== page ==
Date of Award
Master of Arts
Lindsay M. Timmerman
Kathryn Dindia, Erik Timmerman
Marital Myths, Parent-Child Communication
Marriage and divorce are common in the U.S. today, and the question of "why is the divorce rate so high?" lingers in popular culture. The purpose of this study is to examine the need for parent-child communication about marriage to determine if it can help to dispel marital myths that abound in U.S. society. This study takes a qualitative approach to the communication between parents and their children about the topic of marriage. Three research questions are asked regarding what messages were transmitted between parents and their (now adult) children about marriage, how accurate the children perceive these messages to be, and whether these messages have displaced or reinforced existing marital myths for these individuals. An inductive analysis revealed that several themes and sub-themes of messages were transmitted from parent to child about what marriage is, generally these messages were perceived to be accurate by the children, and largely, these messages appear to displace marital myth. Implications and limitations of this study, as well as future avenues for research on this topic, are discussed.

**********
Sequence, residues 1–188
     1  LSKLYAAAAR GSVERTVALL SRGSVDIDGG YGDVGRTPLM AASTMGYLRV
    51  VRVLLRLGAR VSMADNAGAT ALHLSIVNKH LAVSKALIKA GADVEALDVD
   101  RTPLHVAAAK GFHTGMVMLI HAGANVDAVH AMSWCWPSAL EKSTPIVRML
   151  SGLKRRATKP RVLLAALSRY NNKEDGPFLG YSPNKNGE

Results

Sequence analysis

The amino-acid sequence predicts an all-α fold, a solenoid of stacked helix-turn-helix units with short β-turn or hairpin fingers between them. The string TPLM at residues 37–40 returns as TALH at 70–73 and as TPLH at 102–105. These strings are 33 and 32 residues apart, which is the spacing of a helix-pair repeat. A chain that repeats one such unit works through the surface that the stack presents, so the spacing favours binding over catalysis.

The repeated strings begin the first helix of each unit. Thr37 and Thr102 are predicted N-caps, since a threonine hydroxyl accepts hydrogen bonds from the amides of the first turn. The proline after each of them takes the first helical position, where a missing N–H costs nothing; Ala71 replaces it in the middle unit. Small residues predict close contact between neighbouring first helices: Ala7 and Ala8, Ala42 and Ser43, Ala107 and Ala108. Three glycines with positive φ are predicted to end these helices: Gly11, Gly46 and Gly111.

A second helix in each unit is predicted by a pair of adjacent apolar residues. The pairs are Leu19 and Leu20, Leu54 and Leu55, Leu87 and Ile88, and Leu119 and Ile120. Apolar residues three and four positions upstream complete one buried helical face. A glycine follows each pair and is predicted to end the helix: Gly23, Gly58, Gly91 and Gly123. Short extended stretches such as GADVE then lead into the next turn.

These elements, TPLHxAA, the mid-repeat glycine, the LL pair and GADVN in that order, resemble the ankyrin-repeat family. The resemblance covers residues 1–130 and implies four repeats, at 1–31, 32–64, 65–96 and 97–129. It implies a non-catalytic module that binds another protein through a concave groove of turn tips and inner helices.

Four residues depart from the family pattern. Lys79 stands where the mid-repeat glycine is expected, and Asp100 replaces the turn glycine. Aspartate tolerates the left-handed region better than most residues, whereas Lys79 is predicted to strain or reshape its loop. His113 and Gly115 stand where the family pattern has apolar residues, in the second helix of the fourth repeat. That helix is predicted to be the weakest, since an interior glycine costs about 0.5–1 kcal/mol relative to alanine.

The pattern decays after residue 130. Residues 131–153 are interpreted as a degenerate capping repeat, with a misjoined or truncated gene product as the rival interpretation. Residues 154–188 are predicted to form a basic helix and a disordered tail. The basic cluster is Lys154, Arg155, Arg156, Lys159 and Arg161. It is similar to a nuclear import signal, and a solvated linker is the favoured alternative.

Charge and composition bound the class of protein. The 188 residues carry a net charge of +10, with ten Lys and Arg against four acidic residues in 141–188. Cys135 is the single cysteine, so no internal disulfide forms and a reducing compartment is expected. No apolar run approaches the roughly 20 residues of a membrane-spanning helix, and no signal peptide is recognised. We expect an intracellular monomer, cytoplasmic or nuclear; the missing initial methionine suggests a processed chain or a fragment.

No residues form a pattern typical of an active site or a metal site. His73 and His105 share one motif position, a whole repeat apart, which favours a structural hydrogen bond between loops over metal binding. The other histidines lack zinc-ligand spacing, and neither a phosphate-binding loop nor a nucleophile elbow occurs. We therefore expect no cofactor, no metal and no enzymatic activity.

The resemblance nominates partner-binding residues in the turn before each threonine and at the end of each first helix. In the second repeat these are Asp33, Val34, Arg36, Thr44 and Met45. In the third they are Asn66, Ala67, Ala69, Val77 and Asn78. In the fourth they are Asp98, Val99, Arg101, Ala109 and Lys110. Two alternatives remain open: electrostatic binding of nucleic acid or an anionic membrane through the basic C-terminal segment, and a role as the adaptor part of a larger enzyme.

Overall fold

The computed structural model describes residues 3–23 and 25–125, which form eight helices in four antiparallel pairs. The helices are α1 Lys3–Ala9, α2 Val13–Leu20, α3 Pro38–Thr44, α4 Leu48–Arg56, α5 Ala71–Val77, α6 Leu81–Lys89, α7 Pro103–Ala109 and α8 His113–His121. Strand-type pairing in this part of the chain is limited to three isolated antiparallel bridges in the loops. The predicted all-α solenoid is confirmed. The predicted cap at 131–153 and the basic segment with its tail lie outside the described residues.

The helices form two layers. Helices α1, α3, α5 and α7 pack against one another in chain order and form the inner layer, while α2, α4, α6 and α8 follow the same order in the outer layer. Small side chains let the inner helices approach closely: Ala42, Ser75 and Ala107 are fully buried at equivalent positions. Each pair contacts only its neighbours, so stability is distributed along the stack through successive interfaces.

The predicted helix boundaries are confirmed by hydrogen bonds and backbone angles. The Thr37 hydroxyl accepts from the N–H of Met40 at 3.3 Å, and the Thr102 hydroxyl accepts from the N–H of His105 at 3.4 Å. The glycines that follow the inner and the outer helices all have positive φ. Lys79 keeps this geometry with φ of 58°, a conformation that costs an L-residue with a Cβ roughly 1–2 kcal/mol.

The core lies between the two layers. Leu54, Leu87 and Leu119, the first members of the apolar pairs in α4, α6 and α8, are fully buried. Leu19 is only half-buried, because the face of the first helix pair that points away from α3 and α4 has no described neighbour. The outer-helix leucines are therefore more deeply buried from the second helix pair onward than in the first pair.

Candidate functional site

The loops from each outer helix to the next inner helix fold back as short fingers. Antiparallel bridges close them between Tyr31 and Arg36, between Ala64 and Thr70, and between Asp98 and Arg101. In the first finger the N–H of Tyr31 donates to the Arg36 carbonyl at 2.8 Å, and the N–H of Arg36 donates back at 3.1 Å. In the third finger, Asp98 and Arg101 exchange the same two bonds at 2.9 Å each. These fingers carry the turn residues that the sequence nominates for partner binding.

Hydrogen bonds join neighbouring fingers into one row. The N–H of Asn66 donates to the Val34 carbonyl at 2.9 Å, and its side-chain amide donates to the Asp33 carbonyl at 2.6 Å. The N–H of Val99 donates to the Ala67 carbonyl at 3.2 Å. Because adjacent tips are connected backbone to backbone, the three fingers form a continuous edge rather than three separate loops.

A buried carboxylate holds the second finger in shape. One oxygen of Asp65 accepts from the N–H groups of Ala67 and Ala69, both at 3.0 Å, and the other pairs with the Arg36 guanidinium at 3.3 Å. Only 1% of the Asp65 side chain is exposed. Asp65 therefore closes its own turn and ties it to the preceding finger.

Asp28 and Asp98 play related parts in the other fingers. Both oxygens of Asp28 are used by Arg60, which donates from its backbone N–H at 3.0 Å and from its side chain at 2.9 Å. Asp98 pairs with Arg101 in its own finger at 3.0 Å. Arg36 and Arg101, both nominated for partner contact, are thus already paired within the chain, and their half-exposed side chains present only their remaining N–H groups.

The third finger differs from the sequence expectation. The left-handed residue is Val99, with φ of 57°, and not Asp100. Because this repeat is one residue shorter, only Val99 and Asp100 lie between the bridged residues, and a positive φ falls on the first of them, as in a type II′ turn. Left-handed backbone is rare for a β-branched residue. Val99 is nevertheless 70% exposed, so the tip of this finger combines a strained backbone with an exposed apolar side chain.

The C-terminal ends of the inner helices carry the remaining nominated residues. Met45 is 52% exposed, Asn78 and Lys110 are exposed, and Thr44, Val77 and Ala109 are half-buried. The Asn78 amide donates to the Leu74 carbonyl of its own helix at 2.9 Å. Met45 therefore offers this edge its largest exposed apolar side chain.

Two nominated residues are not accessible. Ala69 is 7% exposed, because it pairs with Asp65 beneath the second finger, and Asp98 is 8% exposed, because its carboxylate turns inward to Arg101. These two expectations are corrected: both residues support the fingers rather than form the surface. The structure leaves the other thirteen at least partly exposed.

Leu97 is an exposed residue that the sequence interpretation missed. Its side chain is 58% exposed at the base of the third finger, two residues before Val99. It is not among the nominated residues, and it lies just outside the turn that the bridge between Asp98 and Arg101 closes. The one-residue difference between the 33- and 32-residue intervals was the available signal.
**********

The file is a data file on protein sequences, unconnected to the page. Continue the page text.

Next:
Jackl, Jennifer Anne, "Parent-Child Communication About Marriage and the Displacement of Marital Myths" (2013). Theses and Dissertations. 120.